From Los Angeles to Minneapolis to Washington, DC, crowds of thousands gathered across the country this weekend to protest the death of George Floyd, an unarmed black man, after a Minneapolis police officer knelt on Floyd's neck until he was unconscious on Memorial Day.
Though mayors urged protesters to be mindful of physical distancing and urged mask use, the protests, gatherings, and riots sparking new fears that the United States will see a spike in COVID-19 activity in the next 2 weeks.
Possible super-spreading events?
According to the New York Times, Los Angeles Mayor Eric Garcetti warned protests could become super-spreading events, and Atlanta Mayor Keisha Lance Bottoms suggested protesters get a COVID-19 test in the next week.
Health experts warned that tear gas and pepper spray both cause coughing, eye watering, and respiratory secretions, and that yelling and chanting—even though conducted outside—could help spread the virus among aerosolized droplets. They also cautioned that cities such as Philadelphia and Detroit, which held large parades during the 1918 influenza pandemic, saw a huge spike in activity within days of the event.
The protests take place against a backdrop of easing stay-at-home measures across the country, and 40 million Americans suffering unemployment at the hands of the coronavirus.
In Minnesota, which has been the epicenter of protest activity, the state entered phase 2 of its reopening plan today, which includes limited outdoor restaurant dining, and limited salon openings. During a press conference today, Minnesota Health Commissioner Jan Malcolm thanked community leaders for handing out masks during protests, but warned that subsequent cases are likely.
Malcolm also highlighted the racial inequities seen in Minnesota's COVID-19 outbreak: Black people make up 6.6% of population but over 22% of all COVID-19 cases and 20% of hospitalizations, trends similar to those seen in the state's Hispanic population.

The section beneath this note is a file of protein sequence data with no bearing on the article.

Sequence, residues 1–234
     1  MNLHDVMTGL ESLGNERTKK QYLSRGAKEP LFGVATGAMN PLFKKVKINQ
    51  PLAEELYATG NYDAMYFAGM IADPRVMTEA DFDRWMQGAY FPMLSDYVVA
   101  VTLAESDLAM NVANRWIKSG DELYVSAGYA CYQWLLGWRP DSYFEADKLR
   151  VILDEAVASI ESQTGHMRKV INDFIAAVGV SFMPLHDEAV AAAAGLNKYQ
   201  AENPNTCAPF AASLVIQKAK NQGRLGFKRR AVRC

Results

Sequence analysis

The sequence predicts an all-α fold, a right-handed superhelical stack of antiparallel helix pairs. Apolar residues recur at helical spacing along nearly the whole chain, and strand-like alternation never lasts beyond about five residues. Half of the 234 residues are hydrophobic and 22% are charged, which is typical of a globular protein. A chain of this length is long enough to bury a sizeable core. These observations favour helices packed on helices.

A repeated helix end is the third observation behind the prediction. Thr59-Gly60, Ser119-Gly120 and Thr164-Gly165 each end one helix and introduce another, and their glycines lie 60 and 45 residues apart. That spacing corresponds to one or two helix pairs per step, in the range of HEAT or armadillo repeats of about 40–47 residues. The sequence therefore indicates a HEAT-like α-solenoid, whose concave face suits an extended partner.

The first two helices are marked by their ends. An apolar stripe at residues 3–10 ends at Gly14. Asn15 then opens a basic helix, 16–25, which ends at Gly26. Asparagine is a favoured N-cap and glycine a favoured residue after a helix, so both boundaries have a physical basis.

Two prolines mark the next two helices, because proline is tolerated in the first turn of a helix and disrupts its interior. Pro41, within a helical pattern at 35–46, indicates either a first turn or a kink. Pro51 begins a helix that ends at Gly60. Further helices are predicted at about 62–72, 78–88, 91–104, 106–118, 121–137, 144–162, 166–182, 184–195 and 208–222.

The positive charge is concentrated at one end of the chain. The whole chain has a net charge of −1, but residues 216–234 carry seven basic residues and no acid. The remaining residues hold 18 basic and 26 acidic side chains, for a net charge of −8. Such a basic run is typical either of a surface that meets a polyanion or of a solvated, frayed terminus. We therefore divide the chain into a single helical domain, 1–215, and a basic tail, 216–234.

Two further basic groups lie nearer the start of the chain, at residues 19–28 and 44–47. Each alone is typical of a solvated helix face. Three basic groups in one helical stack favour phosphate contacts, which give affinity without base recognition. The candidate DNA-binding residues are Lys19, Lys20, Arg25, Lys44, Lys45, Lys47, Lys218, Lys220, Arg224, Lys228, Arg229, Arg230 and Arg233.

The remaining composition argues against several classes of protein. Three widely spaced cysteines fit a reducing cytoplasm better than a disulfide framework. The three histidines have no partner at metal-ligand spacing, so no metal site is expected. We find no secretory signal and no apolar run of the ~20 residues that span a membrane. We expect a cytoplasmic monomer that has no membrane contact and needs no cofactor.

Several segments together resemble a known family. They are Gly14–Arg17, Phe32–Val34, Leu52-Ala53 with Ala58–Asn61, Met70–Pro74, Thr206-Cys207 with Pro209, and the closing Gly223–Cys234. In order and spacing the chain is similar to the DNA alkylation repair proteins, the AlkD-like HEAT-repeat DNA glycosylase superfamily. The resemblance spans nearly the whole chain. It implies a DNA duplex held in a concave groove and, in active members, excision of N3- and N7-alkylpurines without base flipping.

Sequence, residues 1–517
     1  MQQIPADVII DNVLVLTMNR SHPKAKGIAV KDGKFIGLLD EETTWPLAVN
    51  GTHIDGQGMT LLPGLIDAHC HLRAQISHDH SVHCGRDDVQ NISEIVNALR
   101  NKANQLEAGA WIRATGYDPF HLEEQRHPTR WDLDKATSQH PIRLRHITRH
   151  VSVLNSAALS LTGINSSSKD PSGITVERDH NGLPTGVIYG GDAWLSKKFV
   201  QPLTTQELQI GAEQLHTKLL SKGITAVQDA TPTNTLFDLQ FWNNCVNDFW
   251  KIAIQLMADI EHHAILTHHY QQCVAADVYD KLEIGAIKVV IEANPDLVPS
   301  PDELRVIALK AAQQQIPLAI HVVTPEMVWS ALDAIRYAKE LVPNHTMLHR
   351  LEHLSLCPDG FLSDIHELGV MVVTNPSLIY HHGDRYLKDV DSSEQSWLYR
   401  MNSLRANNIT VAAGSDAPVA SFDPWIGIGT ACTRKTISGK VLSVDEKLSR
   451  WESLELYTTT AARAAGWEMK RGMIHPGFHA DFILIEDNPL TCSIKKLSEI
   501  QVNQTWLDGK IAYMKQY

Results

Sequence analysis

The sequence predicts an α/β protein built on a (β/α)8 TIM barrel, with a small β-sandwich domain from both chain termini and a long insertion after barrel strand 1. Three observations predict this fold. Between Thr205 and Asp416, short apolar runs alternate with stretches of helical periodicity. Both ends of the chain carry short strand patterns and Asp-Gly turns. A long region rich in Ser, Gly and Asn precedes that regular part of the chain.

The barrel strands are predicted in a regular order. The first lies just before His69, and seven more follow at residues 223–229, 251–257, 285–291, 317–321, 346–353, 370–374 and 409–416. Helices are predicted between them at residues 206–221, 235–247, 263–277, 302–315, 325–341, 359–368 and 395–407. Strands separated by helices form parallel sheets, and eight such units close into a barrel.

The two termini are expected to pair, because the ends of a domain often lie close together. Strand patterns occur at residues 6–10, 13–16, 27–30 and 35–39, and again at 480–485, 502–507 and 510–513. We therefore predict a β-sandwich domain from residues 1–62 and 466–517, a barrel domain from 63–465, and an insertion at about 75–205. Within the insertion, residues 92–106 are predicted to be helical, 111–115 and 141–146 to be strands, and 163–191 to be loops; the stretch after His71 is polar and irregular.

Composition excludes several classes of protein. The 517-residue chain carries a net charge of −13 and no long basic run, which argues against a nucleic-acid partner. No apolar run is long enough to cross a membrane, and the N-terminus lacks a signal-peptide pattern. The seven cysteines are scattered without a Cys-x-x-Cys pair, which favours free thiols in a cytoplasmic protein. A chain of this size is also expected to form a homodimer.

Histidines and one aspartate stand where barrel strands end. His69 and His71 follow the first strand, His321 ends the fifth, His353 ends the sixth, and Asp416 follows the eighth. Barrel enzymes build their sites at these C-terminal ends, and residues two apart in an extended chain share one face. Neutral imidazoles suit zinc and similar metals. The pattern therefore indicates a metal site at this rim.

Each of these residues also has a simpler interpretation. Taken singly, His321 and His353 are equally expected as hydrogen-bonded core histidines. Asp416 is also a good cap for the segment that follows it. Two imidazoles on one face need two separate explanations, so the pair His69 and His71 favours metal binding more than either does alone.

Those trends are seen across the country as well. Latino households, compared to white households, report more severe COVID-19 symptoms, according to a new poll in USA Today. According to the poll of more than 1.6 million Americans, 1 in 12 Hispanic households said someone in their home experienced severe COVID-19 symptoms at least once from late March to late May, compared with 1 in 21 non-Hispanic households.
Further political divide on reopening
Despite widespread economic devastation, a new Washington Post-ABC News poll shows that 57% of Americans overall and 81% of Democrats say "trying to control the spread of the coronavirus is most important right now, even if it hurts the economy."
Only 27% of Republicans agree, and 66% of polled Republicans said restarting the economy is more important than controlling the virus.
Three in four black Americans polled say controlling COVID-19 spread is more important than restarting the economy.
Possible 200,000 deaths by Labor Day
Today the United States has 1,798,298 COVID-19 cases and 104,658 deaths, according to the tracker maintained by Johns Hopkins University. Last week, the Centers for Disease Control and Prevention said they predict 115,000 US deaths by Jun 20. A new model produced by researchers at Emory University said the US could see 200,000 deaths by Labor Day as social distancing measures are lifted during the summer.
"We are currently at a rate of about 1,500 deaths per day in the U.S. That means that by Labor Day, there will be another hundred thousand deaths in our country," said Carlos del Rio, MD, a professor of medicine and global health at Emory University, according to ABC News.
Models vary widely when predicting total numbers of deaths from COVID-19. The model put forth by the Institute for Health Metrics and Evaluation of the University of Washington—the model most often cited by the White House—predicts 132,000 US deaths by Aug 4.
When looking at total cases reported daily in the US, case counts have dropped to about 21,000 new cases per day, down from a peak of 30,000 new cases per day in April. But hot spots and stubborn pockets of activity in the Midwest and the rural South are still seeing sharp case increases and unsteady transmission patterns, the New York Times said.
Treatment, vaccine developments
Today Eli Lilly announced it was starting a human study of a potential COVID-19 antibody treatment. The experimental treatment is designed to neutralize the virus in human cells, and was based on samples collected from lungs of one of the first US COVID-19 patients.
Also today, Emergent BioSolutions announced it would be joining the White House's "Operation Warp Speed" to quickly develop a COVID-19 vaccine through a $628 million task order that would see the company help produce COVID-19 vaccine candidates through 2021.